By Katie Byard
Beacon Journal business writer
After more than 100 years, the Akron Area Board of Realtors’ days are numbered.
Members of the Akron board voted by a wide margin Wednesday to merge with the Cleveland Area Board of Realtors.
Cleveland board members approved the merger in online voting that ended Wednesday.
The boards will be combined and renamed the Akron Cleveland Association of Realtors, effective Oct. 1.
Each organization has seen a decline in membership over the past 10 years. Fewer members means less dues, and merger proponents saw consolidation as a way to save costs.
The Akron Realtors group represents about 1,350 real estate brokers and agents, said Akron board President Tony DeLuke. That’s down from about 2,000 in 2000.
The outcome of the voting, DeLuke said, shows “people understood the reasons why we’re merging.”
The merger also will result in increased lobbying power at the state and national levels, said DeLuke and other area real estate agents Wednesday.
“We’ll become a stronger board,” DeLuke said, “with more clout as far as being able to lobby for the home sellers and buyers.”
Realtors nationwide have been vocal on a variety of home-ownership issues, DeLuke noted, everything from maintaining tax benefits associated with owning a home and strengthening the federally backed flood insurance program.
The combined organization will have more than 4,000 members and be the second largest board in Ohio. The Columbus board is the largest.
DeLuke declined to give a tally of the votes cast by the Akron board members at a meeting Wednesday at Guy’s Party Center in Akron. DeLuke said nearly 70 percent of the votes cast were in favor of the merger. More than 150 members were at the meeting.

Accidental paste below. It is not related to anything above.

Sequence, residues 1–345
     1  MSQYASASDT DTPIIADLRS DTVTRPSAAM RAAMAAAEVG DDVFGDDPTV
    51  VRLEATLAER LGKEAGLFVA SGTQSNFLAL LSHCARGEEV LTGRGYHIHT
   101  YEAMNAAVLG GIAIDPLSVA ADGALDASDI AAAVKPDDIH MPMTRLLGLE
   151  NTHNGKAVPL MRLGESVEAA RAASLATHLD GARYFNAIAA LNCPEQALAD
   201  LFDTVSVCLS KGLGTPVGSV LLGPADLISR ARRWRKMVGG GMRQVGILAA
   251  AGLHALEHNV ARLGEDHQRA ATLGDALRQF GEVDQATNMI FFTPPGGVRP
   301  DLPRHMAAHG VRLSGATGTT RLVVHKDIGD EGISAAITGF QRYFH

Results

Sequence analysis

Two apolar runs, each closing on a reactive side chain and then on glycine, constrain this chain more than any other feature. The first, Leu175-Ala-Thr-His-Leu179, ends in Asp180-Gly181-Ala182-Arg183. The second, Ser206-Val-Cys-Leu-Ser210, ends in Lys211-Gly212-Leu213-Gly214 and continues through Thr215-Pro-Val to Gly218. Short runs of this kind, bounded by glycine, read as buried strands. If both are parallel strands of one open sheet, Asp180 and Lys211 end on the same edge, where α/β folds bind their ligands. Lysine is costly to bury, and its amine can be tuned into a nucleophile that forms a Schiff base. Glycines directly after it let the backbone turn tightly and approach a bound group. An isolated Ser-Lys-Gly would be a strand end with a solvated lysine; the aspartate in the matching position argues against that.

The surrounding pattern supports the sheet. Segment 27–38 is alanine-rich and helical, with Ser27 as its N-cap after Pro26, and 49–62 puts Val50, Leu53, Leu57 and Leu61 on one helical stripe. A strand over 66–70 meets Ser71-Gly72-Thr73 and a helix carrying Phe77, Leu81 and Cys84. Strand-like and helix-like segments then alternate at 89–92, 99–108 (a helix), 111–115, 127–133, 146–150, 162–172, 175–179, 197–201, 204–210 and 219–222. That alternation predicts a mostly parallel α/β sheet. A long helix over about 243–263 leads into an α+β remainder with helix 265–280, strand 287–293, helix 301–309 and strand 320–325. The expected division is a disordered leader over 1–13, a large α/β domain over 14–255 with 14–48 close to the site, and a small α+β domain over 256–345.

“I think it’s going to be good,” real estate broker Candice Eberhardt told a reporter outside the party center on Waterloo Road.
“The Cleveland board has excellent continuing-education classes, and with everything they have to offer in the way of education, the merger will make us more informed for buyers and sellers,” said Eberhardt, with Eberhardt Realty and Management in the Wallhaven area of West Akron.
One real estate agent, who declined to give his name, said he feared a merger would result in concerns of Akron area agents taking a back seat to Cleveland-oriented issues.
Jim West, a past president of the Akron board, said some may feel nostalgic over the end of the Akron board. “But it’s progress,” he said. “We have to adapt to change.”
The Akron board celebrated its 100th anniversary last year.
The current Cleveland board and Akron board offices will be retained, at least for a time. The Akron board office is at 799 White Pond Drive near Interstate 77 in Akron. The board leases space there from the Home Builders Association Serving Portage and Summit Counties.
A website promoting the merger notes that offices of the boards “may be consolidated at some point in the future, but both buildings are under lease through 2016.”
The statement, however, goes on to say, “It was clear that through merger members of both associations will have increased access to services through multiple locations.”
Both the Cleveland and Akron boards charge $190 a year for local dues. The fee for the unified organization is to remain the same in 2014. After that, the board of directors would set dues annually during the budgeting process, according to the website, www.akronclevelandrealtors.com.
Katie Byard can be reached at 330-996-3781 or firstname.lastname@example.org.